Big Johnny san Fedora
photo by Keith Blom
And They're Off

My strategy going into this race, I explained to my wife the night before, was to go out ludicrously hard in hopes that my main competitors would take the bait and come with me. I knew that we'd eventually blow up. In fact this was what I was counting on. I routinely practice "blowing up" and recovering during my long runs, so I figured I would have the edge in terms of getting my legs back under me.

Alas, no one took the bait. Larry Neumann wisely hung back biding his time. His buddy Matt Ward initially gave chase for a mile or so before letting me go and settling down into his own rhythm.

However, the advantage of opening an early lead was that it provided me an opportunity to take an early shortcut unseen by my competitors. (Also, this gave me a good opportunity to stash my fedora in a secluded spot as I was already starting to sweat profusely just a few miles into the race). Instead of following the official course and taking a left turn onto Limekiln (Overgrown) trail, I instead turned a 100 yards earlier on the paved road into the rock quarry that parallels the trail on the other side of the river.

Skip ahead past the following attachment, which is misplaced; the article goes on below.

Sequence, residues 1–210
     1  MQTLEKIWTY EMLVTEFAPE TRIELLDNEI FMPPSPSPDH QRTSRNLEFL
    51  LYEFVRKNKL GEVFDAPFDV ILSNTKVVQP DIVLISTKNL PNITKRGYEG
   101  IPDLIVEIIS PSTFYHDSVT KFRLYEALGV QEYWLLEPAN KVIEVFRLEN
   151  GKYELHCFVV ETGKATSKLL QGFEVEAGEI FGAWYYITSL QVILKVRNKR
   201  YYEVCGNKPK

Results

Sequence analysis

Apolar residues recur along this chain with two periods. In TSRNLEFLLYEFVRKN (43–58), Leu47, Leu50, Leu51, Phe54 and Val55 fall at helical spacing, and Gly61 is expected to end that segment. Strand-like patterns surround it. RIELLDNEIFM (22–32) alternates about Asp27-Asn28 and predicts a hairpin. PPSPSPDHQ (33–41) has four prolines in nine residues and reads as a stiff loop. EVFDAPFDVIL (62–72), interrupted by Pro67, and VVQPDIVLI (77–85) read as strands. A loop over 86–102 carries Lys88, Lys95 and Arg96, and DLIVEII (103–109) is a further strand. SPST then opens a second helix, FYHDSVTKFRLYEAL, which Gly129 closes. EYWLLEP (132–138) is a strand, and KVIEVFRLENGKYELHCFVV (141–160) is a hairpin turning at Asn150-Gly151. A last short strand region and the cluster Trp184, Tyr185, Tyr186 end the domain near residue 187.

Larry Neumann giving chase!
photo by Keith Blom
Unlike the trail that meanders a bit and gains some elevation, the paved road is perfectly straight and perfectly flat. The only downside is that you have to scramble down a river bank, through the river, and then up the other side of the bank to regain the trail. Still, I estimate this little detour probably gained me at least a minute over my competitors. And of course, I would also later take this same shortcut on the return back.

Toshi Moshi the Pimpin' Chickin' Hosaka, who is famous for eschewing established trails in favor of bushwhacking through poison oak, rolled the dice and ventured completely off trail, meandering across the mountains along animal game paths and overgrown trails no longer on any maps. In the end, he conceded that his shortcuts didn't save him any time and if anything, significantly added to his finishing time.